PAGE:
Metformin, a principle biguanide antihyperglycemic agent used agent, represents a mainstay of today's therapy in the treatment of non-insulin-dependent diabetes mellitus and shows significant effectiveness in decreasing the risk of disease development. The discovery of this drug can be traced back to the pioneering work with extracts of the herb Galega officinalis, which led to the characterization of the blood-lowering effects of an active ingredient named galegine.
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Drug of a plant origin
Galega officinalis (also known by many other names including as goat's rue, false indigo, professor-weed, French lilac, Spanish sanfoin, and Italian fitch) is a summer-flowering perennial herb with white, blue, or purple flowers found in most temperate regions. It originated in southern Europe and western Asia, but in the last two centuries, it has spread to many countries around the globe.
In medieval times, a prescription of Galega officinalis was used in folklore medicine to relieve the frequent urination accompanying the disease that is today known as diabetes mellitus. The plant was also given as a medicine in plague epidemics to promote perspiration of the affected individuals and has been widely used to stimulate lactation in cows. Still, the plant was too toxic for widespread agricultural usage.
Traditional herbal remedies were poorly understood at the beginning of the 20th century. Although Galega officinalis successfully lowered blood glucose concentrations in diabetic patients, the quest for an active ingredient was slow in the early days of the last century. The main reasons were mild effects from the plant and the introduction of potent insulin, which was effective for both type 1 and type 2 diabetes.
The active ingredient in the French lilac that produced the lowering of blood glucose was shown to be galegine or isoamylene guanidine. Studies in the late 1800s indicated that goat's rue was rich in guanidine, but it was shown to be overly toxic for clinical use. Thus the attention turned to galegine, a less toxic extract, whose precise structure was confirmed in 1923 by a research group in Edinburgh, UK.
The history of clinical application
Early clinical experience with galegine sulfate was described by Muller and Reinwein in 1927. They experimented with self-administration of 109 mg of galegine sulfate, after which blood glucose levels were followed for 25 hours. They subsequently expanded the study on other healthy individuals, and finally on patients with diabetes. In all three subjects, a hypoglycaemic effect was noted (mild in the normoglycemic subjects, but significant in diabetic patients).
Further work by Leclerc and his research groups, as well as work by Parturier and Hugonot during the next ten years, yielded additional observations on the antidiabetic actions of extracts of Galega officinalis. These succeeded in improving the safety and delivery of galegine-based therapy, although its utility was limited by the variability of the responses and short duration of action.
In 1957, metformin (by then already dubbed Glucophage or "glucose eater") was studied in several trials in Paris and has shown to lower blood glucose in patients with type 2 diabetes, although not in healthy individuals. Unlike sulfonylureas (another class of oral antidiabetic drugs), metformin did not stimulate insulin release, but primarily reduced the release of glucose from the liver. In those studies, metformin showed adverse gastrointestinal effects.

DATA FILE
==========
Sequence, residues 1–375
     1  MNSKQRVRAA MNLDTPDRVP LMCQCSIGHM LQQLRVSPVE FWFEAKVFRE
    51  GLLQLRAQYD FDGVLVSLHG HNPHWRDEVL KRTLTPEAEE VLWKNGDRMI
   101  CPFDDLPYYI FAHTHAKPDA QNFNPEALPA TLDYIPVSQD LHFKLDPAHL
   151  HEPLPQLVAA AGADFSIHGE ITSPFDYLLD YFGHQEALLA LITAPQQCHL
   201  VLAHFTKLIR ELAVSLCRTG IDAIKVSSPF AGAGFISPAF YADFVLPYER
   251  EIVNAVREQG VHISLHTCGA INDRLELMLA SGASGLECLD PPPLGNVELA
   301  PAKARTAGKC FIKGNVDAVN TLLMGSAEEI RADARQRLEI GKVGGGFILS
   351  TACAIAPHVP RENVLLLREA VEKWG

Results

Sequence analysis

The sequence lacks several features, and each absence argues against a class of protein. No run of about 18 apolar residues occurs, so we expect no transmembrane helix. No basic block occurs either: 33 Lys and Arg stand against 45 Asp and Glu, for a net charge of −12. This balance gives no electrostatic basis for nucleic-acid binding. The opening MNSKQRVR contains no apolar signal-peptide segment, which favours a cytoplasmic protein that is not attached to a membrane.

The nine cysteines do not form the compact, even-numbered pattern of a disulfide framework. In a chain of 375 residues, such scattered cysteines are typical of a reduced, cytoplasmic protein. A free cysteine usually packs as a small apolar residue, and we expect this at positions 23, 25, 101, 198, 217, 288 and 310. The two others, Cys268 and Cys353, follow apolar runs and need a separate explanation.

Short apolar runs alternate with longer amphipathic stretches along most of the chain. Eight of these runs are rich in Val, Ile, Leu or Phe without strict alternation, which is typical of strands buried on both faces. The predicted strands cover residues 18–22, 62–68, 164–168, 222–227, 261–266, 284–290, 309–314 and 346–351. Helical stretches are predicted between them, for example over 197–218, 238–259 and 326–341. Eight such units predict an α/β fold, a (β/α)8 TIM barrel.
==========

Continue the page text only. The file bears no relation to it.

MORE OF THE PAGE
In the same year, an American group published similar results for phenformin (phenylethyl biguanide). The marketing of that drug was energetic by Ciba-Geigy, but its association with lactic acidosis effectively curtailed the use of phenformin due to a myriad of reported cases of lactic acidosis. In contrast, metformin was manufactured by a small French company and initially, it was the preferred biguanide only in France and Scotland (among developed countries at the time).
As the number of lactic acidosis and deaths increased, phenformin was removed from the market in the USA in 1977, and withdrawn from many other countries as well. The Australian Drug Evaluation Committee recommended severe restrictions on both phenformin and metformin, not taking into account the different pharmacokinetics of the two drugs. Phenformin is metabolized by the liver and can accumulate in patients with certain genetic disorders, while metformin is excreted renally and only rarely results in lactic acidosis cases or death in patients who overdose or have an advanced renal failure.
Endocrinologists in France and Scotland with substantial experience of using metformin continued with its prescription. In 1968 and 1977, studies conducted in Scotland compared metformin with chlorpropamide and found that glucose control was similar with both drugs. Still, patients on metformin had less hypoglycemia and lost weight, while those on the sulfonylurea showed some weight gain.
In 1995 the benefits of metformin were rediscovered. Many studies were performed, and among them, the most influential has been the UK Prospective Diabetes Study. It was a randomized, multicenter clinical trial that followed 3867 patients over 10 years. Independently of blood glucose control, metformin reduced the risks of myocardial infarction and mortality of all causes.
As a result, metformin arose as the first-choice treatment for obese patients with type 2 diabetes. The drug's anti-atherosclerotic and cardioprotective effects have been confirmed in prospective and retrospective studies, but it took another decade for these findings to be translated into official recommendations. In 2012 diabetes experts in the USA and Europe declared that metformin is the drug of the first choice for all patients with type 2 diabetes.
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